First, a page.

River towns seek better warnings

Sen. Barbara Mikulski (D-Md.) announced she is committed to securing $2 million for the improvement of the Susquehanna Flood Forecast and Warning System.

BY HEATHER MOYER | PORT DEPOSIT, Md. | June 17, 2005



"This can be a very tame river and this can be a very ferocious river."

—Paul Swartz


Senator Barbara Mikulski (D-MD) announced Friday that she is committed to securing $2 million in funding for the improvement of the Susquehanna Flood Forecast and Warning System.

At a meeting with representatives from the Susquehanna River community Port Deposit, the Susquehanna River Basin Commission (SRBC), and the Conowingo Dam, Mikulski learned about and discussed the importance of the warning system in the lives of residents throughout the river basin.

“We have 1,400 communities in the basin and 80% of them are in flood prone areas,” said Paul Swartz, executive director of the SRBC. Swartz added that the region experiences a major flood about every 20 years, with three significant floods in the lower basin in the past 18 months.

The Susquehanna River Basin spans more than 27,000 square miles across three states: New York, Pennsylvania, and Maryland. Swartz said that on average each year, the basin is home to 13% of the nation’s flood damage. The average yearly damage dollar amount is $150 million, he added.

The Susquehanna Flood Forecast and Warning System (SFFWS) is a series of stream and rain gauges along with data transmitting equipment that alert weather officials, municipalities and the owners of the dams along the Susquehanna River to the increasing flow of water. Those officials in turn issue warnings to riverside communities.

The system has been in place for 20 years and now many of its crucial instruments are outdated and deteriorating. “(The instruments) do a good job, but they’re not sufficient to safeguard citizens and the businesses of the basin from flooding,” said Swartz.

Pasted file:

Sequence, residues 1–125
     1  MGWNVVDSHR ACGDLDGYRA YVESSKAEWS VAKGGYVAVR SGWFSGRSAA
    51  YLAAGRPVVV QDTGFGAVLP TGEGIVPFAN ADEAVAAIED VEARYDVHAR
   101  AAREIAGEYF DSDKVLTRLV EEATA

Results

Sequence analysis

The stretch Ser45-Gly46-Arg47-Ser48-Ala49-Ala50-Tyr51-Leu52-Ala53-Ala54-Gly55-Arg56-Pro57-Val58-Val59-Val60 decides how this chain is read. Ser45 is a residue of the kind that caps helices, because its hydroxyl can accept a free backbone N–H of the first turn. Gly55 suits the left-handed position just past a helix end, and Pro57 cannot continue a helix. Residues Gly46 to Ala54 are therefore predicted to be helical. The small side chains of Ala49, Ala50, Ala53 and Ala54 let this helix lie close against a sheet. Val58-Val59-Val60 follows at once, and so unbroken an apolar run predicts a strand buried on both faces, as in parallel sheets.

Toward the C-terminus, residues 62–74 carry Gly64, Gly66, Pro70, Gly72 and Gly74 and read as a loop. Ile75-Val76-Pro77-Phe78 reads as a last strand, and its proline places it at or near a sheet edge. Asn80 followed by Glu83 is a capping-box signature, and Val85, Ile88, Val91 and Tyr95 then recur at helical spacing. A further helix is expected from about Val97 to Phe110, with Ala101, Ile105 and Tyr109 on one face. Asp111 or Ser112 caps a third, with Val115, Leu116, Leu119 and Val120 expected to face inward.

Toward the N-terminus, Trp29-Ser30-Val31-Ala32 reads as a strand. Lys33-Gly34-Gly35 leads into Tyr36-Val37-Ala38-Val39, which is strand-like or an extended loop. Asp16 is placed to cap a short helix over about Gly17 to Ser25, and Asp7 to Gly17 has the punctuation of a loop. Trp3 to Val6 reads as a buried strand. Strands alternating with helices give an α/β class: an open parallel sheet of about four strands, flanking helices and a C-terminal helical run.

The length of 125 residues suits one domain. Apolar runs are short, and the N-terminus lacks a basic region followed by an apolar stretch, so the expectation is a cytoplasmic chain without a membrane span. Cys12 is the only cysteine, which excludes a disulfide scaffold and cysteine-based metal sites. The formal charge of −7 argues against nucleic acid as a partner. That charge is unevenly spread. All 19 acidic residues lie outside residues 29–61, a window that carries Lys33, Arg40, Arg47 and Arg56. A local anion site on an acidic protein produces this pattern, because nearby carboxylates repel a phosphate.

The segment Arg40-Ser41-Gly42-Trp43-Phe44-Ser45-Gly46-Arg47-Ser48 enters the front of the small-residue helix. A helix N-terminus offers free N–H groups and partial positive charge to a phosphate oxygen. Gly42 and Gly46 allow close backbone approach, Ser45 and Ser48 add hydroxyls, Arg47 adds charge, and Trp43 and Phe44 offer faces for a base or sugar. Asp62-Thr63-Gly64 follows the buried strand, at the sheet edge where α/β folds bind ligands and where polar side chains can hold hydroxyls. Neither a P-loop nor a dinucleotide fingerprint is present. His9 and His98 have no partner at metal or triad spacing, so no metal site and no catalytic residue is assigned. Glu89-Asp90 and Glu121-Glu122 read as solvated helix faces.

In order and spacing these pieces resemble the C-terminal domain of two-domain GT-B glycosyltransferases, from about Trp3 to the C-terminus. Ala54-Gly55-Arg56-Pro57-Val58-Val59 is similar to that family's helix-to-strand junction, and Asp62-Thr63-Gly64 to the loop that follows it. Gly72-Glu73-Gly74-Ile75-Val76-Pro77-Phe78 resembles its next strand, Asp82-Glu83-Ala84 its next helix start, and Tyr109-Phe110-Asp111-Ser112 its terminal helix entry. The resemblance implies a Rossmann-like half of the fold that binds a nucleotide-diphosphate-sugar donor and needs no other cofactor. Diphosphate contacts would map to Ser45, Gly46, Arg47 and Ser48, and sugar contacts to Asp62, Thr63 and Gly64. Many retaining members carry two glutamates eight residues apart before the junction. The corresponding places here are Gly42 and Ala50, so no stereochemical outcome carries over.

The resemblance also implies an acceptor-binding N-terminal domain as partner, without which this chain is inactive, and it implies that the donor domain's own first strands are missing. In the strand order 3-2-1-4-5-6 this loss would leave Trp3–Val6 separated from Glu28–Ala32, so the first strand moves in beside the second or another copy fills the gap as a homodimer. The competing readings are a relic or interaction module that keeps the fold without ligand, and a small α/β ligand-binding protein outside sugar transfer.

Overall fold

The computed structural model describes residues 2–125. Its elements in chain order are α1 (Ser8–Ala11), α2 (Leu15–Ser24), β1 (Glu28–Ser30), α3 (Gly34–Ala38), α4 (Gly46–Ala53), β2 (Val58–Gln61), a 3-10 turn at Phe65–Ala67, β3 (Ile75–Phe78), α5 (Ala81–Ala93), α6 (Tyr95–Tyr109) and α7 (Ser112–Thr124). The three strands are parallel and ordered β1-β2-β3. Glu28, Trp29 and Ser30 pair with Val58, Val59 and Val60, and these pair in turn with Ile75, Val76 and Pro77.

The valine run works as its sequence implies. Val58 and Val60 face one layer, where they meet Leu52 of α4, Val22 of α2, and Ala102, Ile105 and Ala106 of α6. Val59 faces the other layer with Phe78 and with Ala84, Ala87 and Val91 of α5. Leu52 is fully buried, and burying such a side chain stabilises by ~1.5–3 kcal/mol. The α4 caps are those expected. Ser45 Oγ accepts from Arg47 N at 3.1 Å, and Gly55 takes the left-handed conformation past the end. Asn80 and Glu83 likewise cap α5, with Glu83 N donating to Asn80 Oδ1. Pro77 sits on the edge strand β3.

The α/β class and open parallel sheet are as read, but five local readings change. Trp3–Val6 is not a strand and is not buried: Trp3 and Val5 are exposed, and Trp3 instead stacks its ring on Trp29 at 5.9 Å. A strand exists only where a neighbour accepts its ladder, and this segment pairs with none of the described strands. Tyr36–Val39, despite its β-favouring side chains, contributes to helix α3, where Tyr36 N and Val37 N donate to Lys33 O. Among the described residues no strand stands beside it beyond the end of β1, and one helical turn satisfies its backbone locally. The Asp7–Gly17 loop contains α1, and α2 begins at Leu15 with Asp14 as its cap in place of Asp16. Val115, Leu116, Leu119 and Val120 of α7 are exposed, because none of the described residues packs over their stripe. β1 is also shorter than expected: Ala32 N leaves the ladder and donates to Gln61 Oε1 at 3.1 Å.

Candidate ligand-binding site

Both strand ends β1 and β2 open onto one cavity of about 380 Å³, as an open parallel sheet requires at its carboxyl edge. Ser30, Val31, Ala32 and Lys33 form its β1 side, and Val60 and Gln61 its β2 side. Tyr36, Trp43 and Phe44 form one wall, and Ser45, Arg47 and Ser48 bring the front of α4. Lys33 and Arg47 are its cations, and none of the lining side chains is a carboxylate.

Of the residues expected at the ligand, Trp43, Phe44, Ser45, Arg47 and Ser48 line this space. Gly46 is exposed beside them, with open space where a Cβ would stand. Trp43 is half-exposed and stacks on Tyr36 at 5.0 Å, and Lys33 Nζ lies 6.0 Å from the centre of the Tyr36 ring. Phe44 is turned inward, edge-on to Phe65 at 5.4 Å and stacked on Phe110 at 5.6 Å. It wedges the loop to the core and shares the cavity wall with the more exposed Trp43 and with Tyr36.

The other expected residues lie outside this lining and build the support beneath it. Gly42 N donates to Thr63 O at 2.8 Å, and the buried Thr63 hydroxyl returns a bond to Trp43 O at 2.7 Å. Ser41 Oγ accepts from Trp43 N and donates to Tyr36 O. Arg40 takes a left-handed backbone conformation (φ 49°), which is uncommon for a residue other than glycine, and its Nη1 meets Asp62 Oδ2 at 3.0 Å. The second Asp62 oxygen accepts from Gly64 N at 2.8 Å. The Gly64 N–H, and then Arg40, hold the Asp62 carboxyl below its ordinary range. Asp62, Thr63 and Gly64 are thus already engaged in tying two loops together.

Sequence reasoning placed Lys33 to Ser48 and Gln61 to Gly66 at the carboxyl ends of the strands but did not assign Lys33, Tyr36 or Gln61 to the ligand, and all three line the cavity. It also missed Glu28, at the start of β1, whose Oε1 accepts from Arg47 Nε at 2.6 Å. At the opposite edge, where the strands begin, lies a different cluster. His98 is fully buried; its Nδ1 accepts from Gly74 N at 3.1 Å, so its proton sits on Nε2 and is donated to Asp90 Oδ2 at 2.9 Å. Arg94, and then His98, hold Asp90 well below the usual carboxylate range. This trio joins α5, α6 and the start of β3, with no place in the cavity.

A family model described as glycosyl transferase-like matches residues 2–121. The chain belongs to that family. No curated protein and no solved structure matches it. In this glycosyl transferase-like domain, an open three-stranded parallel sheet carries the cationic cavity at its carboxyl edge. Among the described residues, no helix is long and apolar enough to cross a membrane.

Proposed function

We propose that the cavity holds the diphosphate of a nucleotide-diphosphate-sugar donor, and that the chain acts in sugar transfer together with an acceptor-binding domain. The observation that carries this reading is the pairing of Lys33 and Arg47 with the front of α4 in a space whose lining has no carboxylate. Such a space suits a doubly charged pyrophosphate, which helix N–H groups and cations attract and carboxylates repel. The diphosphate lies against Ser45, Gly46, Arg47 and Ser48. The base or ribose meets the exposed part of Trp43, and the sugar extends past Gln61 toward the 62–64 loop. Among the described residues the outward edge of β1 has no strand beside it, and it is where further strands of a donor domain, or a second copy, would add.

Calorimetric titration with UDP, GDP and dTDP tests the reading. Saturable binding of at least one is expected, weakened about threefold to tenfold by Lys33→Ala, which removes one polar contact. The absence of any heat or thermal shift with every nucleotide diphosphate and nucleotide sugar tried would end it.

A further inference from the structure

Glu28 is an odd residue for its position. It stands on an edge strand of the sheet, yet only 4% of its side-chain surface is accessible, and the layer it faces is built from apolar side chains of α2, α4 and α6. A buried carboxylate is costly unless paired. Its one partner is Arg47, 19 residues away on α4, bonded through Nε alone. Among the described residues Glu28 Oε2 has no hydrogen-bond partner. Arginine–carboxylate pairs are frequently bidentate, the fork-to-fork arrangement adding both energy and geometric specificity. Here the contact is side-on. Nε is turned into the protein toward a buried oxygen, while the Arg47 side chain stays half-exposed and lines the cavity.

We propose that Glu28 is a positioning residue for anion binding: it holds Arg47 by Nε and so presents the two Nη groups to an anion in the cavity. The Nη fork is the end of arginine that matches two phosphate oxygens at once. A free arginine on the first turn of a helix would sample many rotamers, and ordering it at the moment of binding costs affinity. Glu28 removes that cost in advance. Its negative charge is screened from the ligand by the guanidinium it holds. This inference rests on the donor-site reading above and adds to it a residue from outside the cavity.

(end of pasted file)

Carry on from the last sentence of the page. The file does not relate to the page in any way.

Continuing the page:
“This can be a very tame river and this can be a very ferocious river. The bottom line is, these instruments don’t do enough to protect citizens. The forecasts are only as good as the data that comes in to us.”

Mikulski echoed Swartz's sentiments and voiced her concern over the crucial but aging gauges and data transmitters. “(The gauges) are like a technological national guard,” she said.

A senior member of the Senate Appropriations Committee, Mikulski said she champions the funding because she sees it as a line item crucial to the many communities in the river basin.

She added that with the innovative technology available today, new sensors and transmitters could greatly improve warning times for the public. “As long as we can watch and warn – and the better the watch and warn – then we can save lives.”

Saving lives is not the only reason for improving the SFFWS, several speakers at the meeting noted. The improvements can also save significant money. The SRBC estimates that for every dollar spent on flood forecasting and warning improvements, there is $20 in savings in property damage.

For those living in the many riverside communities, the warning system is an invaluable part of their lives.

“This issue’s been here for a long time,” said Kerry Abrams, deputy mayor of Port Deposit. “We do need a better functioning warning system. The sooner we get a warning that flooding is going to happen, then we can take more precautions.”


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Susquehanna River Basin Commission

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